Owning the energy…

Having worked my way thru countless art fairs, craft fairs, harvest festivals, farmers markets, gallery openings and gift shops, I have watched varied reactions to the price of fine art, and hand crafted items.  Too many times i have seen someone pick up one of my favorite pieces from a recent firing, one that shouted to me from the back of the kiln with its fire touched glaze, saying “look at me!! I’m here! I survived!”— and watched them glance at the price and quickly put it down, even saying to a shopping partner, “ooof, toooo expensive!”

A spinner friend of mine, Sarah, recently put a beeee-autiful piece on etsy.  Its a cowl (pictured to the left) that she knit from wool that she not only spun, but dyed previously to that.   She has taken workshops and worked for years on her own to perfect some gorgeous spinning technique.  When I asked her how she had made this piece- what kind of knit stitch and dying/spinning questions, she replied:

“This was the second half of the 8 oz roving I dyed in fiber form. I spun a singles in thick and thin, then coil plied it with three different colors of cotton/poly thread held together. It’s knit into a moebius – three rows of knit, three rows of purl – alternated.”

Wow…she did everything short of go out to the pasture and shear the sheep!  Sarah probably wouldn’t view any of what she did as a ‘big deal’… but not everyone can do that… and that is why hand crafted things cost more. They are not made by some machine in a foreign country, from a machine made polyester fiber that was made from recycled water bottles.

Items like this are made by real people, with lives and kids…pets and spouses…people that are trying to figure out how to fit in some ‘art time’, some spinning time, some potting time, in between their jobs, their obligations, their kids’ soccer games.  Real people that had a vision for the piece before it was birthed…a vision that they mulled in their mind how to make tangible, a vision that they wrestled thru with the fiber, the dye, the paint, the clay, the wire, the beads, the glass, the paper…real people that then created and breathed thru that process…and offered it to the public…

When you pick up a piece of art, a hand crafted item, you are picking up the experience of the making, you are picking up the energy of the artist, the process and birth of the piece.  You are being given the opportunity to own the evolution of the piece from birth…the story…

how do you put a price on that?

Love the one you’re with

Did I tell you about the Farmer’s Market!?  Last week i was out and about doing a bit of garage saling, and came across a sign – itty bitty sign- for the Farmers Market here in town.  I thought maybe there might be vegetables, and i LOVE homegrown veggies.  There wasn’t.  But what there was was a little collection of a few souls braving a chilly Saturday morning selling their wares.  There was Herb- selling home made scones and bread, Sarah- selling fiber and handspun yarn- and a wonderful woman (whose name escapes me at the moment) selling home made jams and jellies.  I spent a bit of time talking to Sarah, telling her i learned how to spin last winter, of course buying over $30 of fiber, and asking if the market was open to anyone.  She explained that for the small price of $20, one could set up and sell handmade crafts.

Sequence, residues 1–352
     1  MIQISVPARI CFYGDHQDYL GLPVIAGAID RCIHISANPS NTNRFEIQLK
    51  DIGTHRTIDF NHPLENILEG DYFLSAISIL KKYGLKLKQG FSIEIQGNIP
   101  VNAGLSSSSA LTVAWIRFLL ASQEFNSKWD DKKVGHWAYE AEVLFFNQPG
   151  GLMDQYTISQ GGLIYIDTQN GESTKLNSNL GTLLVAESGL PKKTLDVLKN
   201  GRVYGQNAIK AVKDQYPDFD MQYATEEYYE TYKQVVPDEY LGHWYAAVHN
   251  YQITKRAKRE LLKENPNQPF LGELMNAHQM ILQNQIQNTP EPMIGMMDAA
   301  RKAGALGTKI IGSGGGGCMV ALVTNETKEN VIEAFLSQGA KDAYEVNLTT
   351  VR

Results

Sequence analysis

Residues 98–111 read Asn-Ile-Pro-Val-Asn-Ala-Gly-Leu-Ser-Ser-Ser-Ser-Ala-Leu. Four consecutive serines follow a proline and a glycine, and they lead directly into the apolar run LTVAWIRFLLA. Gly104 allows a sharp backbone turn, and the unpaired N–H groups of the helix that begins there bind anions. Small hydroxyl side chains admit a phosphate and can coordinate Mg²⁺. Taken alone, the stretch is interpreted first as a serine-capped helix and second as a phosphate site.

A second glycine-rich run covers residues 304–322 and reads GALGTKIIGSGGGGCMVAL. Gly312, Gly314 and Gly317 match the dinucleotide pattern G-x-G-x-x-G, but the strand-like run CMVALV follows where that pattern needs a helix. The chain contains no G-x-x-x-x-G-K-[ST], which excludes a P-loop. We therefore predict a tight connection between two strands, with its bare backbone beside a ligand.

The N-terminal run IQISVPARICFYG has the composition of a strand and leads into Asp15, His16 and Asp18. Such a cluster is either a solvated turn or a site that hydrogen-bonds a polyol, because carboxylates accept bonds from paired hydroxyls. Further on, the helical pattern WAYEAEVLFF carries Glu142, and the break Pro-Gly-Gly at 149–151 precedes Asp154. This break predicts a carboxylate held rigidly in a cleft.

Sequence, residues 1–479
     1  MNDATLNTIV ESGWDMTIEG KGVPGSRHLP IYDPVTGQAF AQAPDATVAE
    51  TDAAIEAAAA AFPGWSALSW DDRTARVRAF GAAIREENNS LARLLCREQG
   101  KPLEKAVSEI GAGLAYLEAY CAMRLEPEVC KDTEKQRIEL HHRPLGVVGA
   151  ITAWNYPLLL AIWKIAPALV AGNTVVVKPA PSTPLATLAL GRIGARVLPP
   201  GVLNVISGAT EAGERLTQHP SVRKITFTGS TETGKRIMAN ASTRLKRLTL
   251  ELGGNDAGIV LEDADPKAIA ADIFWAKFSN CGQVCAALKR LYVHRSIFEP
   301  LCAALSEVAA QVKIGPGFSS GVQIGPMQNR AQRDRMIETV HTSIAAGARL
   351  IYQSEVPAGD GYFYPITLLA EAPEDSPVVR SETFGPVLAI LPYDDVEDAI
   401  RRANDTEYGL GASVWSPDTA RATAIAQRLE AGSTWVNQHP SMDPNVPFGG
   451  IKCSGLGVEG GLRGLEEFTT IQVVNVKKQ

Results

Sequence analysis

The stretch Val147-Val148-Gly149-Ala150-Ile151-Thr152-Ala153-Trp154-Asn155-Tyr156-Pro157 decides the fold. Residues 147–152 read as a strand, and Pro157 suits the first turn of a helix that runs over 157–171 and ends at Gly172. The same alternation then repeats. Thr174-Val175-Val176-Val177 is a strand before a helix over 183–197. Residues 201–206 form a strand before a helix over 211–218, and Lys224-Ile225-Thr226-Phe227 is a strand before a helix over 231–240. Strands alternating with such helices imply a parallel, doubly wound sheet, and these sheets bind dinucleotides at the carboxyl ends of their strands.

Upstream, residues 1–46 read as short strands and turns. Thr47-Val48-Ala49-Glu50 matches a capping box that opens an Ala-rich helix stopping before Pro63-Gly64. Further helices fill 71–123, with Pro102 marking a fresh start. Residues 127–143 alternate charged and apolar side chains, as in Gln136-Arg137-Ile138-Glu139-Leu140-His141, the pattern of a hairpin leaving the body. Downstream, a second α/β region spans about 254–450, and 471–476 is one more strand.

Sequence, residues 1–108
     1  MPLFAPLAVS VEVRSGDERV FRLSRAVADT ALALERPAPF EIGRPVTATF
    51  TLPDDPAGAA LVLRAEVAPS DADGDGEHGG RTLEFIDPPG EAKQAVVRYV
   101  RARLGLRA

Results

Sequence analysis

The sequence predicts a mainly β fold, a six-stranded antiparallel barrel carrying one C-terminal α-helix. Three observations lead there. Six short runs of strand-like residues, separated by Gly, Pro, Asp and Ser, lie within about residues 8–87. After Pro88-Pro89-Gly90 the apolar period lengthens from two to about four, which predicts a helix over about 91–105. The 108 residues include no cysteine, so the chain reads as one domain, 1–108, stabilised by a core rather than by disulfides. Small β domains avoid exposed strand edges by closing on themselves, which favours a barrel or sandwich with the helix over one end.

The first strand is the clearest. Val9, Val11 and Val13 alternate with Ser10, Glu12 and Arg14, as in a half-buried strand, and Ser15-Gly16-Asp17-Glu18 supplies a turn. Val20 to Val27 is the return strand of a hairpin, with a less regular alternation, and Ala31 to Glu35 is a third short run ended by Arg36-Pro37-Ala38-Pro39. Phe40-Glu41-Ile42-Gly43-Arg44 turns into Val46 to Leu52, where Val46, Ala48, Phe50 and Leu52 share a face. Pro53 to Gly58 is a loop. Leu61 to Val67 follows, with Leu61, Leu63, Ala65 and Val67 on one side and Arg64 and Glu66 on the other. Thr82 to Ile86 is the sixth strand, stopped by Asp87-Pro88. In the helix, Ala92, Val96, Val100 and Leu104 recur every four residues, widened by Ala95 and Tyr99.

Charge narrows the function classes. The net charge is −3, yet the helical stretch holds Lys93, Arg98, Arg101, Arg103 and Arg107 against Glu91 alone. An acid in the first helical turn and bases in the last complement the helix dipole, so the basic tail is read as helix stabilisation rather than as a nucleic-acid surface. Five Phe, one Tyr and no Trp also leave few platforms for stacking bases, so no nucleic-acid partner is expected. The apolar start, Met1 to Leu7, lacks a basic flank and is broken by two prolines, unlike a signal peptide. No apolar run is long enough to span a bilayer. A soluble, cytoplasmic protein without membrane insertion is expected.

Many years ago I used to sell at many craft fairs- paying up to $300 for a booth fee. There are ins and outs to this game, such as picking the right fair, and time of year, bringing the right merchandise, and gauging your competitors.  I gave up the craft fair circuit, deciding the cost and difficulty of traveling- often with children- didn’t pay in the long run.

But here was an opportunity, right down the street, for $20/week…no travel required…i didn’t have to pack pots for a trip equal to a covered wagon voyage over the Rockies…and only 4 hours of time, not an entire weekend eaten up in travel and sitting.

this could work.

So i finished glazing a load of pots, threw them into the kiln and fired on Thursday, hoping to unload on Friday and take them to the market on Saturday.  It sortof worked out that way.  My kiln didn’t fire the way i was hoping- a pyrometer malfunction late at night left me firing blind til 3am.  The pots were …eh…OK.  Not my best work, but I had a challenge and i was determined to take something to the Saturday morning soiree.

I persevered.  Priced pots, packed them and procured my bags/newspapers and a money box.  Got a table, figured out a way to display and packed the car.

Saturday morning found me sitting in the sun, drinking coffee out of a thermos, eating one of Herb’s home made scones, and chatting with Sarah.  The buying crowd was scant, preferring fresh rhubarb (from Mr. Gordon at the end of the market) and Herb’s bread to pottery.  I sold one mug, which paid for my booth fee.

but you know what? I had a fabulous time!

connecting with people that are willing to come out on a Saturday morning to buy a scone or look at pottery was invigorating!  when i used to do big fairs, it was about the money and could i recoup my booth fee? Could i deal with the fact that a guy next to me who was selling plywood cutouts of women bending over in the garden was selling out, while i was only managing to unload low dollar items?  Was I going to clear enough inventory to make room for Christmas items for the next fair?  It really all came down to money- and it soured me on fairs.

this on the other hand was about sunshine, scones and simply sitting and enjoying the day… i have grown.